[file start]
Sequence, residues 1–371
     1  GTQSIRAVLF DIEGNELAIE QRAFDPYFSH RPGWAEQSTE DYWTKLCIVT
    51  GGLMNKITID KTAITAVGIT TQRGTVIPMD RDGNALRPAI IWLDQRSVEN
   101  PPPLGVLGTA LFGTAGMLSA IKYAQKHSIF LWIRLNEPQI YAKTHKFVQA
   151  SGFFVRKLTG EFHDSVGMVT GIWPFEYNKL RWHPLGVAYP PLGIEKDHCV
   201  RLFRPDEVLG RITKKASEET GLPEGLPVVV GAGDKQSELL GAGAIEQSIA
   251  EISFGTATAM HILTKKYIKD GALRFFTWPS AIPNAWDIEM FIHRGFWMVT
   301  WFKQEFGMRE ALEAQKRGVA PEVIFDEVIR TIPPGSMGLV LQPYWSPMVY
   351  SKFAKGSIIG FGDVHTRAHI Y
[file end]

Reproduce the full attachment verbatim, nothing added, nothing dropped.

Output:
Sequence, residues 1–371
     1  GTQSIRAVLF DIEGNELAIE QRAFDPYFSH RPGWAEQSTE DYWTKLCIVT
    51  GGLMNKITID KTAITAVGIT TQRGTVIPMD RDGNALRPAI IWLDQRSVEN
   101  PPPLGVLGTA LFGTAGMLSA IKYAQKHSIF LWIRLNEPQI YAKTHKFVQA
   151  SGFFVRKLTG EFHDSVGMVT GIWPFEYNKL RWHPLGVAYP PLGIEKDHCV
   201  RLFRPDEVLG RITKKASEET GLPEGLPVVV GAGDKQSELL GAGAIEQSIA
   251  EISFGTATAM HILTKKYIKD GALRFFTWPS AIPNAWDIEM FIHRGFWMVT
   301  WFKQEFGMRE ALEAQKRGVA PEVIFDEVIR TIPPGSMGLV LQPYWSPMVY
   351  SKFAKGSIIG FGDVHTRAHI Y